Ram Katha London Day 4: 15/8/17

Bapu expressed his happiness about the day of independence and also the birthday of Krishna. The colours of the Indian flag represent satya, prem and karuna and the flagpole is the symbol of total surrender. Bapu explained that sharanagati must be stable and the flag of satya, prem and karuna should be fluttering all over the world. Bapu said that Krishna is remembered everyday but especially on Janmastami we are more aware of Krishna. But nobody can do justice to his mahima. Bapu then said that Ramcharit manas mentions the mahima of river Sarayu. Sarayu represents the flow of life which is clean and pious. Sarayu is said to have originated from mansarovar and one meaning in manas is heart. Every river represents the continuous flow onwards and that symbolises piety. River preserves both the banks and sarayu is flowing in between veda and loka, between Gargi and Margi. Both of them are sisters but Gargi is for scholars and Margi is for the masses. Gargi therefore has limited appeal while margi appeals to everybody. But the flow of the river should always be within its limit between two banks. If both the banks are merged together they will be a dam on the river and the flow will be stopped. We all say that the final goal of every river is the ocean, but the river is not aware of its final destination. River keeps on flowing.

Bapu then quoted J. Krishnamurthy to say that emptiness is an invitation to all knowledge and a man who feels fulfilled and full of knowledge will be arrogant and learn nothing. Bapu regretted that there are many people in the world today whose words are great and good but whose lifestyle is totally in contrast to what they say. Bapu said that it is his own personal experience that a speech which is not truthful does not leave any impression on anybody. We should love people without trying to change or convert them to our way of life and to our religious beliefs. We must be pure and pious and we should love the world, which is a beautiful world. Bapu wasn’t happy that we have spoilt the situation by maltreating women and the down trodden. He pointed out that Krishna was not exclusive in extending his love and good will, but he always fraternised with people who were pushed into the margin. Bapu then discussed an incident in the Mahabharata and wondered how a strong man like Dushasana got tired in pulling the sari of Draupadi in his attempt to disrobe her. Bapu then expressed his opinion that it is the flow which is praised (mahima). A restricted life does not deserve to be praised (mahima). Bapu then mentioned that there are 5 types of vidya: Adhyatma vidya, Yog vidya, Brahma vidya, Veda vidya and Loka vidya. Bapu always begins his katha with lokabhi.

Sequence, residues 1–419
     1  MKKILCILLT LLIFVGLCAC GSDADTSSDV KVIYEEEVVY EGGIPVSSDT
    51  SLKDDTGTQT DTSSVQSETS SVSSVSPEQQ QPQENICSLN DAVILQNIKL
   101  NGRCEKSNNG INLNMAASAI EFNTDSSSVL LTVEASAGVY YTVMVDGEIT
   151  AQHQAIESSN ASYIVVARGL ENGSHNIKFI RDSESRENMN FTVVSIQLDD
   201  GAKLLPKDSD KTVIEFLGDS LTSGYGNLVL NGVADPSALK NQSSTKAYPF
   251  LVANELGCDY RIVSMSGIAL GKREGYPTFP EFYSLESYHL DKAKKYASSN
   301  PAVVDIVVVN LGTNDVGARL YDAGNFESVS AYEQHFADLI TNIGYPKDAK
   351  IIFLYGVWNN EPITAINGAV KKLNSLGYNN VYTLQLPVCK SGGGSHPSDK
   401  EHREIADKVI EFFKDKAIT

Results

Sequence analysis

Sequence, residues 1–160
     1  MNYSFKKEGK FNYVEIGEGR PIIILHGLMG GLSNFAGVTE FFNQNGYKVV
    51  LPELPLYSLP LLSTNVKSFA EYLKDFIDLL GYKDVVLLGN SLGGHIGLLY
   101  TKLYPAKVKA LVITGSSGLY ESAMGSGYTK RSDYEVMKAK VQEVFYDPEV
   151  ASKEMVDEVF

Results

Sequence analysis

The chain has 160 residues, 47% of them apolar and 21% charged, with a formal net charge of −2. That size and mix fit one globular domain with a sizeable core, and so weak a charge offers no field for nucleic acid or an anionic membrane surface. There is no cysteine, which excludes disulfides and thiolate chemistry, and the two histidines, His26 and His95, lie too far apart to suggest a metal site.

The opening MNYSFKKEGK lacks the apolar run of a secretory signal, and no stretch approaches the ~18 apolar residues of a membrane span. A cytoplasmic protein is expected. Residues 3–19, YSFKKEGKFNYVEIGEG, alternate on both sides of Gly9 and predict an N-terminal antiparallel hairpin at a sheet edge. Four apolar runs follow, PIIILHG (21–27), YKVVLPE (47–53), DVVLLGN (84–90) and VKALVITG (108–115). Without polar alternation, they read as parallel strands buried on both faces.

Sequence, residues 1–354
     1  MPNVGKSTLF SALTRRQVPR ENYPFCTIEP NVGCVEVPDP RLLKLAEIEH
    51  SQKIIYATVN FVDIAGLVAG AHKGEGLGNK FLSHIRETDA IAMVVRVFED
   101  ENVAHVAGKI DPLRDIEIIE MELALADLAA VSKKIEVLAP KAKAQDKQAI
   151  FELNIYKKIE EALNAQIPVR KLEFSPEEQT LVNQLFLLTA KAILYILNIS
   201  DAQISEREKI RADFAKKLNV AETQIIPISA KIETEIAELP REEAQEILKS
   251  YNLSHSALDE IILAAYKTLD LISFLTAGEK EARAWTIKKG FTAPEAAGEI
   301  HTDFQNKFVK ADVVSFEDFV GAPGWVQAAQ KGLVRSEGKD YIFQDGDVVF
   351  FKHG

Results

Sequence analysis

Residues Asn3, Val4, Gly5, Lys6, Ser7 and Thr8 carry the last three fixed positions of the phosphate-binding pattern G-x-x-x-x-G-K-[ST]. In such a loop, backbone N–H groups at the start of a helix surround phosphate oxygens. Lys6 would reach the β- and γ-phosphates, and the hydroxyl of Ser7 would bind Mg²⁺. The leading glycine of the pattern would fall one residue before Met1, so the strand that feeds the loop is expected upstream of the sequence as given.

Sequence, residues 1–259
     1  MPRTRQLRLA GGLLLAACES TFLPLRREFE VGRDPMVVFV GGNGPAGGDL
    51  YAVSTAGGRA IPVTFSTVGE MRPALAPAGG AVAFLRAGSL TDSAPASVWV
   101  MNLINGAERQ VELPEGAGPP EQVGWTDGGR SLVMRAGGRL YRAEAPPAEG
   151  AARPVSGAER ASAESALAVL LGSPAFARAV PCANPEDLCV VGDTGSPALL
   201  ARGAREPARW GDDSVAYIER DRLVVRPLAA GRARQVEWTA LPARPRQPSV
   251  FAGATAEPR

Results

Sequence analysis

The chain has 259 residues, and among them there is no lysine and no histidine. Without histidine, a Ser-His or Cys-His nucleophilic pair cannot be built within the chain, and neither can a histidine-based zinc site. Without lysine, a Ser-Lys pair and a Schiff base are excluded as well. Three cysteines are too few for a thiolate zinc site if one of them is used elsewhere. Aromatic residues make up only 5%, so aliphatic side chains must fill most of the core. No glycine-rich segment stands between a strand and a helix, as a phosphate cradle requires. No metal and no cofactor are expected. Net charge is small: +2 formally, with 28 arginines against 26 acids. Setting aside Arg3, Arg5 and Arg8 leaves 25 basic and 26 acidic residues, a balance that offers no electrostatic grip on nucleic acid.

After discussing the mahima of sarayu which is the mahima of flowing Ramcharit manas, described the mahima of the parents of Rama, Dasharatha and Kausalya. In this connection Bapu discussed who would make the ideal parents. His answer was that the parents who can find a way out of 5 calamities – Dharma sankat, Prana sankat, Rashtra sankat, Paravarik sankat, Prem sankat. In the life of Dasharatha all the 5 types of sankatas came together at the time when Ram was to be exiled to the forest. And all these 5 sankatas were finally resolved by the cooperation of Ram, Dasharatha, Kausalya and Bharata. Bapu then referred to the basic stanza which contains the word natha. The word natha is used in the sense of master and it is often used for a husband. Bapu referred to the Natha tradition and gave 5 characteristics of a natha. First, he should be extremely tolerant in every situation, he should be internally stable, in other words he has a steadiness of mind. When Sharanananda was asked about the school in which to learn stability (sthirmati) and the way of learning this internal stability he said you should stay in isolation – ekanta, and you should observe silence (maun). The third characteristic of natha is generosity, forth is sensitiveness and fifth is silence.

Bapu then turned to narrate the katha and he began by saying that Shiva is the entrance for Ram katha and Shiva and his incarnation Hanuman are the guardians of that entrance. Bapu then mentioned the Vikram Aditya story, the third story as narrated by the pushpadanti. She narrated the story of the generosity of Vikrama who was troubled by Indra when Vikram Aditya was trying to perform his yajnas, but Vikram Aditya had a conch, called sankata mochan conch. Indra came in the form of a brahmin and took away all the benefits of the yajna. Indra wanted to know how Vikram Aditya was able to deal with all the troubles and he also begged for the sankat mochan conch. Vikram Aditya was so generous that he donated even that conch to Indra who was the trouble maker. Bapu then picked up the story part of the katha and narrated the katha of Ramcharit manas to the point where Shiva agreed to his second marriage with Parvati.